Simon startled and looked at me. Before he could answer, I got up and grabbed one of his pencils.
Thanks, I appreciate it, I said.
What I also appreciated was how clearly he printed and how, in a quick glance, I had the answers to the last two questions on page one. Way to go, Simon. way to go, Fast Eddy.
chapter two
The bell sounded, and I jumped in my seat. I d been so lost in thought that I hadn t noticed the end of the period sneaking up on me. Where had the last fifty minutes gone?
All around me kids started to gather their things. There was a lot of happy noise-talking, laughing and joking-as they moved to the door.
I looked down at my test. I was still only three-quarters of the way through the third page. I d left a couple of multiple-choices and at least two questions on the first page. My plan was to go back and look at them again once I d finished. That was always my plan, although there were lots of tests I never quite finished.
Kids dropped their tests on Mr. Mathews s desk on their way out. On a non-test day, I was one of the first out the door. Sometimes I could find myself in the hall when the sound of the bell was still echoing off the walls.
Not today. I needed to keep going. I was sure I was close to a passing grade, but I might need another mark or two. I d managed to pass all my courses in grade nine, and so far grade ten was working out the same. Of course, when I said pass, that s just about what I did-I was a solid fifty-five-percent average.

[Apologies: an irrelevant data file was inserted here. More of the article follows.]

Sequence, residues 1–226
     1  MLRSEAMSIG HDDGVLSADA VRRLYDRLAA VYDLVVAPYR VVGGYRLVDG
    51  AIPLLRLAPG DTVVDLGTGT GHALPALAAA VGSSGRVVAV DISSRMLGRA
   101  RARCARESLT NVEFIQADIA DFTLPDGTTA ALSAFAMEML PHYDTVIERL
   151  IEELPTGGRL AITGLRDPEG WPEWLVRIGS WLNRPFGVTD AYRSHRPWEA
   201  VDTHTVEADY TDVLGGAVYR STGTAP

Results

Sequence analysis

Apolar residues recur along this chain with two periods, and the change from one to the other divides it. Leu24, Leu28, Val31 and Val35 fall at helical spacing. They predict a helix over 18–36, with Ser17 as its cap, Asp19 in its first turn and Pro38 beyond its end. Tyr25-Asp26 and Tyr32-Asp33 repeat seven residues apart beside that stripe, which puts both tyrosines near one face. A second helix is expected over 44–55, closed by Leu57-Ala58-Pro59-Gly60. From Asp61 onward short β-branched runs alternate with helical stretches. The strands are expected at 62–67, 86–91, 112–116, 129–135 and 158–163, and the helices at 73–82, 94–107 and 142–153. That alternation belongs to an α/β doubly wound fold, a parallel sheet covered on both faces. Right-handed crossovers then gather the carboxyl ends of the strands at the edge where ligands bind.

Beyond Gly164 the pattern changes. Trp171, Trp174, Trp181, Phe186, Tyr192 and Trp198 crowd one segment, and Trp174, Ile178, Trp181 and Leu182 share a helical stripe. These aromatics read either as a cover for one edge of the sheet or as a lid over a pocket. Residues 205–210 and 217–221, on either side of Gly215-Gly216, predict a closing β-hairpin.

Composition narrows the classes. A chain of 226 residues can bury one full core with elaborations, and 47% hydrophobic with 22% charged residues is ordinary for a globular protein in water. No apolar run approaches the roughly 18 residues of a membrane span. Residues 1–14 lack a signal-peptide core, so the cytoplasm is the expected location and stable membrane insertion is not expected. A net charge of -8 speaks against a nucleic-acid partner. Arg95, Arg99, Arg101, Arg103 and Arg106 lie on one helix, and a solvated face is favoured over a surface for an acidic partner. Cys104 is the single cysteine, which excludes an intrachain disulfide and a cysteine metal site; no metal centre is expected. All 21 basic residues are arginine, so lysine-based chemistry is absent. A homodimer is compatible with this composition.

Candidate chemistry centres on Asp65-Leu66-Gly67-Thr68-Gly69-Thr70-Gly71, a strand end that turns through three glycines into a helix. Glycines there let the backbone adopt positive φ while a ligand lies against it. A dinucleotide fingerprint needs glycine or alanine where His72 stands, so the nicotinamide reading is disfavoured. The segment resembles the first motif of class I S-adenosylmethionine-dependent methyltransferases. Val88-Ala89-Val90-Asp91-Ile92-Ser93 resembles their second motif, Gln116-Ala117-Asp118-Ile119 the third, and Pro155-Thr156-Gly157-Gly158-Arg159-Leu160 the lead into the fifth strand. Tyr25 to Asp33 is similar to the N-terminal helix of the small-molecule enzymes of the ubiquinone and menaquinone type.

My parents and my teachers were always on me about pulling up my socks and putting my nose to the grindstone and how I had to buckle down and get to work. I wasn t sure how my socks, a buckle or a grindstone-whatever the heck that was-would help me get better marks, and I wasn t going to find out.
My parents always lectured that I was too smart to be just scraping by. I was smart enough to know that a fifty-five gave you the same credit as a ninety-five.
I knew if I worked harder I could get a higher grade, but so far nobody had given me a convincing enough argument that it was worth the extra work. Besides, a ninety-five was definitely out of the question. If I ever got a ninety-five I think they d test me for steroids. No, steroids would only help me run away from work faster...maybe that would have helped today.
Some people thought that school only involved learning and tests. What a bizarre thought. A big chunk of school was social. I was exceptionally good at that part. They just didn t give out marks for it.
Everybody liked me. Well, everybody except for a few of the teachers. Sometimes they took it personally when you didn t do well in their subjects. It was as if not liking history meant you didn t like them. That was stupid. I guess it also didn t help that some teachers didn t really have what you d call a sense of humor-or at least my humor. Things that I thought were hilarious they didn t get, and they thought I was laughing at them. Okay, sometimes I was laughing at them, but not always. Most of the time I was just joking around.
I did exactly what I needed to get by in school. I wasn t about to give up on friends, sports, video games, going out, girls-well, the hope of girls-the Internet, TV, music and a hundred other things. I was surprised I had time to get a fifty-five.
I put my head down and tried to focus on the question I d been working on. The answer had been startled out of my head by the be